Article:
A Cookie Cutter Approach Can Cost You Dough

By October 12, 2017Conduit, uPDate

How often is your standardized approach resulting in an over-designed ground grid? Stop wasting your dough by blindly erring on the side of caution simply because you don’t know what lies beneath.

While standardizing a ground grid design seems like it would save time and money, this approach fails to consider a site’s soil composition and resistivity. Soil resistivity is affected by variables such as layer composition, moisture, molecular structure, salt content, other chemicals, etc. Making assumptions based merely on a site’s location, visible soil observations, or soil borings is not enough to determine its apparent resistivity.

For example, since moisture typically increases conductivity, a wet location may seem like a good bet for lower resistivity – but the soil in a wet location can still be highly resistive if it contains a lot of sand. On the other hand, even in a desert, soil resistivity can be low if that desert was once covered by an ocean and the salt remained.

So, Standard Designs are Bad?

Not necessarily. According to Hilton Mills, grounding specialist at Hood Patterson & Dewar (HP&D), standard designs may be a good starting point, but the final design should reflect site-specific soil resistivity. He explains, “it is very important that the soil at the intended construction site be measured prior to designing the ground grid.”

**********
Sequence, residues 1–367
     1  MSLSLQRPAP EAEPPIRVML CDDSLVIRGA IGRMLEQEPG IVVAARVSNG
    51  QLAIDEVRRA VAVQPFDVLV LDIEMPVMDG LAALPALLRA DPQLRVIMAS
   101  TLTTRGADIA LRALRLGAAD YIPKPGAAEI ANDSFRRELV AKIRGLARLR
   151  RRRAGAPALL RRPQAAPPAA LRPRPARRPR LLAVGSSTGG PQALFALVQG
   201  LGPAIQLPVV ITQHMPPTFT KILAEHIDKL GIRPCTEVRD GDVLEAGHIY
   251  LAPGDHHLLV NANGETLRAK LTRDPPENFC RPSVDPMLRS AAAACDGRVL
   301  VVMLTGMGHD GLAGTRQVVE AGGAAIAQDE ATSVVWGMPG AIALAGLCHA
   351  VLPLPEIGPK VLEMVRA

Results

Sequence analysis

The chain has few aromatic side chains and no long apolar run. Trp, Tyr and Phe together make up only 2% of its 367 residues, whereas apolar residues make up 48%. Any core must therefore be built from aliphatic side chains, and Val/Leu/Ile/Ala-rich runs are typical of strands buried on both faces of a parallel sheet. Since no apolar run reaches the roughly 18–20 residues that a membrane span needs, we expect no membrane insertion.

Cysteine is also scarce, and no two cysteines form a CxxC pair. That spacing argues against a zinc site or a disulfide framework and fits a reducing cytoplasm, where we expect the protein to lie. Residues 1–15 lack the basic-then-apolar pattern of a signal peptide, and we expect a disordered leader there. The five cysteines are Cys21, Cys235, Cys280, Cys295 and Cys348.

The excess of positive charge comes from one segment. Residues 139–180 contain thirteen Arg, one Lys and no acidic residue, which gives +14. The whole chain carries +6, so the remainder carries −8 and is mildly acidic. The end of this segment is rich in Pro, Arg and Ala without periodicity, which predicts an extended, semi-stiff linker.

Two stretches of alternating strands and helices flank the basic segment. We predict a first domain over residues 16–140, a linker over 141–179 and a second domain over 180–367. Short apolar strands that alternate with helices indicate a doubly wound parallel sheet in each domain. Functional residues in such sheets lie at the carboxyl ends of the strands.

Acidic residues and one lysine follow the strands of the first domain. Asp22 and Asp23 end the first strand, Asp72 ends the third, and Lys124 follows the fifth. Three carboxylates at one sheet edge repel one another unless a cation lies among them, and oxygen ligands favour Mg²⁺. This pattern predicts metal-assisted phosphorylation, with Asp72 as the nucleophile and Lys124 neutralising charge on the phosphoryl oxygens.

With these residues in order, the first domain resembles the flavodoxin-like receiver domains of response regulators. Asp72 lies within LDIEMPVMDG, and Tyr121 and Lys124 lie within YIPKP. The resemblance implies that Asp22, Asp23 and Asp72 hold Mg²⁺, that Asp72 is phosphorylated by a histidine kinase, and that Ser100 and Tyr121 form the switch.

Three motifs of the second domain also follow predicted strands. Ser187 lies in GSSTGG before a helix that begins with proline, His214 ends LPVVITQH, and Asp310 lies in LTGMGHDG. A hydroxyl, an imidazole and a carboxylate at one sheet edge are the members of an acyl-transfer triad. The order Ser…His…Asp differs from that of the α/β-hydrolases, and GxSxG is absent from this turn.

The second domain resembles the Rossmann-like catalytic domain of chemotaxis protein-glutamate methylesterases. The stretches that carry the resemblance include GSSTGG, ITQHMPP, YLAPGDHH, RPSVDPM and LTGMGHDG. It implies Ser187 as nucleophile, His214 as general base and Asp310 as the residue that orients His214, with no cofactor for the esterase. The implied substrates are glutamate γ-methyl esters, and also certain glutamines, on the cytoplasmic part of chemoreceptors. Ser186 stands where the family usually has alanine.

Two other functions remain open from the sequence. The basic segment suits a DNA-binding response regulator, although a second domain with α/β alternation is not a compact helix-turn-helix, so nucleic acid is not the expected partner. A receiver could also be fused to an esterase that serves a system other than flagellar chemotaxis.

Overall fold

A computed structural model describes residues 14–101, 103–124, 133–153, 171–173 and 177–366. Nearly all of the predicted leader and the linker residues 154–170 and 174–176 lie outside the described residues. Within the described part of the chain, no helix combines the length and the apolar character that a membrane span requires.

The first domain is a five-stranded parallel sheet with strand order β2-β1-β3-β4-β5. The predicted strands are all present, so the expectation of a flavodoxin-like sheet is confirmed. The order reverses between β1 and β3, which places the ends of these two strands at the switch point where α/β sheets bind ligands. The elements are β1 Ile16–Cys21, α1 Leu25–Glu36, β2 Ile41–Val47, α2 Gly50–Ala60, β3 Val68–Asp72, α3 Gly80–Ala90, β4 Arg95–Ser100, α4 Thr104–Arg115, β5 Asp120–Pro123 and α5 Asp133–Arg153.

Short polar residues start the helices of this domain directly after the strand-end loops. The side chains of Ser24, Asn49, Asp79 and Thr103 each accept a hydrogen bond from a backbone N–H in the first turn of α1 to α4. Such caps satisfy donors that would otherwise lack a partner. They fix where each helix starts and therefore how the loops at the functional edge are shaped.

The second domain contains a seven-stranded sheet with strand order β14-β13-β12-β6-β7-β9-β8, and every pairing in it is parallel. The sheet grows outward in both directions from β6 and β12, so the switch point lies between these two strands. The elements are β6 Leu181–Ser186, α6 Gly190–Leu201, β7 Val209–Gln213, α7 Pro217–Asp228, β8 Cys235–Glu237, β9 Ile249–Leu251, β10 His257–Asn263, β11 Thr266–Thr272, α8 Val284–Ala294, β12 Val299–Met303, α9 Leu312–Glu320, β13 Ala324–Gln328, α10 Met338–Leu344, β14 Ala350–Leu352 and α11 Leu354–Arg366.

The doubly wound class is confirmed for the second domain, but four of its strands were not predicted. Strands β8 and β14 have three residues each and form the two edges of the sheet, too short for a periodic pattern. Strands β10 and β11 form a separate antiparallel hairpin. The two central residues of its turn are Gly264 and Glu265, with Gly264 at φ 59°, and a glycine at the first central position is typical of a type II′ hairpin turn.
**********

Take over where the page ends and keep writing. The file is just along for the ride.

He continues, “I cannot tell you how many times I have seen, particularly with larger organizations, companies that utilize a one-size-fits-all [design] that is completely inadequate – they spend all this money to build a facility that ultimately exposes them to costly risks rather than simply doing it right from the beginning. Conversely, we see the opposite approach – gross over-designs that call for much more copper than is actually needed to achieve adequate safety margins, driving material and construction costs way up.” Mills went on to say that standards have their place, but that variables, especially those affecting life-safety, must be incorporated to allow for site-specific considerations.

Not Too Much, Not Too Little

So, how can you make sure the ground grid is properly designed for the soil at your site?

  1. Hire a grounding specialist to perform site-specific soil resistivity tests
  2. Make sure the ground grid design engineer analyzes the resistivity results and incorporates them into the modeling software to design a suitable ground grid
  3. Have your grounding specialist return to perform ground grid testing after installation to verify that the grid is installed properly and meets design values

These three steps will save you dough and help you protect the people and equipment at your facility with a ground grid design that is just right.